I don’t know if we know how to tell those stories…

My friend Ken wrote to me a few weeks’ back, quoting the blogger Anil Dash about the difference between anecdotes and epics: 

Most of what gets shared as heartwarming stories are usually temporary, small-scale responses to systemic failures. I wish we found it just as inspirational to make structural changes to unjust systems, but I don’t know if our culture knows how to tell those stories.

Reading that led to one of those moments of revelation where you realize something for the first time, but now seems like it has always been obvious. Ken followed the quotation with “I think that’s absolutely true - though I don’t know if this reality is of our making, or if the challenge itself is a structural program (i.e. the nature of storytelling).”

Ken’s like that - he sends me someone else’s wisdom, and then makes them even wiser!  Anil Dash followed his own nugget with this:
We do make progress - we just don’t know how to tell the story.

But we are learning to tell itWhat we’re trying to do here at The Porch is to share both personal and communal stories that face both difficulties and beauty, sometimes lamenting the suffering, sometimes celebrating the change, always looking for our place in it, and capacity to contribute to a better world.

And I think Anil Dash is right that we need to connect positive stories of individual change to the structural realities. We need to compare like with like - but it seems to me that positive anecdotes are themselves part of structural processes

I think of how the Parliament in Aotearoa New Zealand just this week voted to ban most semi-automatic firearms - a structural change. This decision arises in the context of both the macro-level questions of male aggression and the myth of redemptive violence - another structural reality. And the awful events in Christchurch were local manifestations: fifty casualties, two mosques, one city; but so was the individual leadership shown by Prime Minister Jacinda Ardern in solidarity with the survivors.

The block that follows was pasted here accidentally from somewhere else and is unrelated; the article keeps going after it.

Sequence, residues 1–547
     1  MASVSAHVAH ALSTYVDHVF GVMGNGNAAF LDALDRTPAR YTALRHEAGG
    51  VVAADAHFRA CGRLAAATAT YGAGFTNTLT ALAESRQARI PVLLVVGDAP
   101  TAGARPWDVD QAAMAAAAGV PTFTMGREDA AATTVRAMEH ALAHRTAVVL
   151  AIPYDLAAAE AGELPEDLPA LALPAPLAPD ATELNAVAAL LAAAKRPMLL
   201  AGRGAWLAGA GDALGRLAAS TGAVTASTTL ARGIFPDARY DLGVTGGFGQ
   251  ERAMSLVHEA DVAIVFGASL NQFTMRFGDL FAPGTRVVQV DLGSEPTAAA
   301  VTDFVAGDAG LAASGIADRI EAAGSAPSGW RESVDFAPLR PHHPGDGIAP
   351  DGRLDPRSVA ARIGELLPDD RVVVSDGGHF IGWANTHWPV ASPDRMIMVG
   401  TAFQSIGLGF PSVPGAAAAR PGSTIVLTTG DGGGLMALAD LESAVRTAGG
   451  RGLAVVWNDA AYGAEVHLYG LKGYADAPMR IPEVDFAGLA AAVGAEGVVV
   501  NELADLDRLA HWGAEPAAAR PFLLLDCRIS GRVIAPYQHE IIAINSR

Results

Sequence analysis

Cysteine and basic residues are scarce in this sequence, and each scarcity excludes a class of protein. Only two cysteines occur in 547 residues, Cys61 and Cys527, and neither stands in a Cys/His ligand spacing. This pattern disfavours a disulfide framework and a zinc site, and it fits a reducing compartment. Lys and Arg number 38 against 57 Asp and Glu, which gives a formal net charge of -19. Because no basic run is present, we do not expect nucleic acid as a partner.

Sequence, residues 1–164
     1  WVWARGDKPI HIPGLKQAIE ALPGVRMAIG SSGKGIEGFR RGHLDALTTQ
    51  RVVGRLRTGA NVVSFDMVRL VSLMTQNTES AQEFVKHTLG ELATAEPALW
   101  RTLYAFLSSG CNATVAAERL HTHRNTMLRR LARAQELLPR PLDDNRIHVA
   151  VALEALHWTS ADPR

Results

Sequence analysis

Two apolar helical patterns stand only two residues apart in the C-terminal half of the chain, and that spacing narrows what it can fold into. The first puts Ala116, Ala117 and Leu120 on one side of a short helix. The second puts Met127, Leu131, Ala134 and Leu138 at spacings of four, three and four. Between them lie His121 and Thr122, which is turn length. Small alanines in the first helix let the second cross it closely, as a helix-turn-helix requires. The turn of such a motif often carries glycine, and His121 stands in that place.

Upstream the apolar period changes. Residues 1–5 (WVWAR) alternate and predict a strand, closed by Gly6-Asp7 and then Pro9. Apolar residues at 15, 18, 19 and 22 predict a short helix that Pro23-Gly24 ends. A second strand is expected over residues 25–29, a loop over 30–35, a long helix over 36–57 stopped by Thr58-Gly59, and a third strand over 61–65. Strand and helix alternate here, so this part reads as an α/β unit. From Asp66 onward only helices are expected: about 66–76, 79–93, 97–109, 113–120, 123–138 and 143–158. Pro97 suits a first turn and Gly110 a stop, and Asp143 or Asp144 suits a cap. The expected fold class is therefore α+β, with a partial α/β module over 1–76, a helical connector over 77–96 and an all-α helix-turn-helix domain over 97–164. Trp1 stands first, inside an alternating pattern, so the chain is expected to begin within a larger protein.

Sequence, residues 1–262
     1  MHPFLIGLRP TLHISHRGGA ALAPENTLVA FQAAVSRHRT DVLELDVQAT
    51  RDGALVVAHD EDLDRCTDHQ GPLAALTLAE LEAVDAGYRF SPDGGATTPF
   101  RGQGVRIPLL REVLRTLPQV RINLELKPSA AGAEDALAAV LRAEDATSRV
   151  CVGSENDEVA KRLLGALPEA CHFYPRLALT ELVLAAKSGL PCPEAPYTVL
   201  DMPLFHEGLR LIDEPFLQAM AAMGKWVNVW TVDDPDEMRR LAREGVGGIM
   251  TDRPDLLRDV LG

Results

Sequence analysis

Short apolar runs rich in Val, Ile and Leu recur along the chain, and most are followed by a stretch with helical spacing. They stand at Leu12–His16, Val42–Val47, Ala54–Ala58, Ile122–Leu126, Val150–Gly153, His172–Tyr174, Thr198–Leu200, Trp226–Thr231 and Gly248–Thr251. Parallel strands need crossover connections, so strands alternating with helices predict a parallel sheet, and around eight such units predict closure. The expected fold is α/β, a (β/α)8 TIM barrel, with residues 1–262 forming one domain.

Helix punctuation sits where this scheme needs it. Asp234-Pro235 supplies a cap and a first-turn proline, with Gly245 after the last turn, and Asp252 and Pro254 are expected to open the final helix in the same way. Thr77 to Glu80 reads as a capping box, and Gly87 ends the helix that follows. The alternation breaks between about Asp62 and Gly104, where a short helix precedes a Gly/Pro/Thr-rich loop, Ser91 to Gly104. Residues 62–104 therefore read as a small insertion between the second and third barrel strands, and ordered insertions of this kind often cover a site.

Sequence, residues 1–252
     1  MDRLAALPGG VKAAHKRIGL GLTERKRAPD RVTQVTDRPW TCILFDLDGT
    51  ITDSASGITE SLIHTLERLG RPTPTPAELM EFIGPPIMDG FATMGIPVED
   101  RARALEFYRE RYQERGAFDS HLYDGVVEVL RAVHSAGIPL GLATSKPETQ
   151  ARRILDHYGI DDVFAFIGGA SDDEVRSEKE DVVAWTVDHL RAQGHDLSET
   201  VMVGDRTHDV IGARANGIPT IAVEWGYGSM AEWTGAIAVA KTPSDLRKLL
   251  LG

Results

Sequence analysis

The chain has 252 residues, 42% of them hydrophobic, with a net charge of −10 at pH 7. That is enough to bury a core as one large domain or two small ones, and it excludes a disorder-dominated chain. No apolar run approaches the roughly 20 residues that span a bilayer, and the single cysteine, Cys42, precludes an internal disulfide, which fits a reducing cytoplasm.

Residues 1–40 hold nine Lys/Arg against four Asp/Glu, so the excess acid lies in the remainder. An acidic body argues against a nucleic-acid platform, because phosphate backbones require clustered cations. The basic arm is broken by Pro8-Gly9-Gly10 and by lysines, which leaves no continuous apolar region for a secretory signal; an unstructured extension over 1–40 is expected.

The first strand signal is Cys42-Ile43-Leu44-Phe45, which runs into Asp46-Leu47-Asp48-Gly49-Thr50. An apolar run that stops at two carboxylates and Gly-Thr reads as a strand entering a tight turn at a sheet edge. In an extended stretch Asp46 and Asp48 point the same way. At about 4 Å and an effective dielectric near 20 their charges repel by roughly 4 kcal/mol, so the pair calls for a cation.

Dear friends of The Porch who live in Christchurch will be individually involved in the healing of that place and her people, and that healing itself will come in the context of both ancient traditions and contemporary knowledge about tending to wounds, building community, multicultural relationships, restorative justice, and more. 

So, as with so much in this world, it’s a both-and question. At The Porch we try to pay attention to the idea that whatever privilege we have, whether we feel we earned it or not, is an invitation - to act with responsibility toward those who lack it. And whatever privilege we ourselves lack is another invitation: to seek out help from those who can.  This invitation applies equally to individuals and neighborhoods, cities and nations, to the whole of humanity itself.

The anthropologist Susan Allen invites us to “make a conscious effort to perceive our own interactions as systems,… to reframe rather than react; step back to conceptualize whole systems and then step up with the confidence of a valid and reliable model.”

So we start in the heart, we move to the body, we see the home, the street, the city, the larger context, and are invited to respond at all of those levels. We can only do what we can. But the beauty of that is that we actually can do something.



Mary Magdalene - Gareth Higgins

Mary Magdalene - Gareth Higgins